Cybersecurity researchers at Akamai say the malware, dubbed Capoae, is written in the Go programming language, which has become popular with threat actors due to its ability to write easily reusable cross-platform code that runs across Windows 10, Linux, macOS and Android.
Veteran vulnerability researcher Larry Cashdollar has shared details about Capoae, which is particularly interesting since it makes use of multiple vulnerabilities to gain a foothold in WordPress installations, and repurpose them discreetly to mine cryptocurrencies using the popular XMRig mining software.
We're looking at how our readers use VPNs with streaming sites like Netflix so we can improve our content and offer better advice. This survey won't take more than 60 seconds of your time, and we'd hugely appreciate if you'd share your experiences with us.
- These are the best endpoint protection tools
- Here's our choice of the best malware removal software on the market
- Check our list of the best firewall apps and services
“Crypto Mining campaigns are continuing to evolve. The Capoae campaign’s use of multiple vulnerabilities and tactics highlights just how intent these operators are on getting a foothold on as many machines as possible,” notes Cashdollar.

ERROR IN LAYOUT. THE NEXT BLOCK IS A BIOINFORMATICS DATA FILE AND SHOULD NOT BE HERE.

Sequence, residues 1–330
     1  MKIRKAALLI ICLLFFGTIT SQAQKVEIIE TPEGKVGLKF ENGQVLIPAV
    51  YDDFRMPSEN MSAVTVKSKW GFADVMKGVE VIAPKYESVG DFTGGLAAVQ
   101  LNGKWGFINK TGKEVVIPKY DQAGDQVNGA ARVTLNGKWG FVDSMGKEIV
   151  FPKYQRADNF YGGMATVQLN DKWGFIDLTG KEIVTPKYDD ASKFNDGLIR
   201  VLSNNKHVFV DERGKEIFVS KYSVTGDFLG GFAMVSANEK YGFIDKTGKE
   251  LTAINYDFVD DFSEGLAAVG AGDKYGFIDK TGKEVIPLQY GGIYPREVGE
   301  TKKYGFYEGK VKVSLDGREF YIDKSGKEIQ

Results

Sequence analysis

Cashdollar caught hold of Capoae using a honeypot to lure the PHP malware. The malware made its way into the server by bruteforcing the weak WordPress admin credentials to install a tainted WordPress plugin named download-monitor, which had a backdoor.
After reviewing the honeypot access logs, and the malware itself, the researcher was able to unravel its mode of attack.
His analysis revealed that Capoae exploited at least four different remote code execution (RCE) vulnerabilities, one on Oracle WebLogic Server, another in ThinkPHP, and a couple in Jenkins.
Following the discovery of the new malware, Cashdollar asks all WordPress admins to look for high system resource use in their servers, unrecognizable system processes, and dubious log entries or artifacts, such as suspicious files and SSH keys, which are some of the common signs of intrusions.
“The good news is, the same techniques we recommend for most organizations to keep systems and networks secure still apply here. Don’t use weak or default credentials for servers or deployed applications. Ensure you’re keeping those deployed applications up to date with the latest security patches and check in on them from time to time,” concludes Cashdollar.
- Protect your devices with these best antivirus software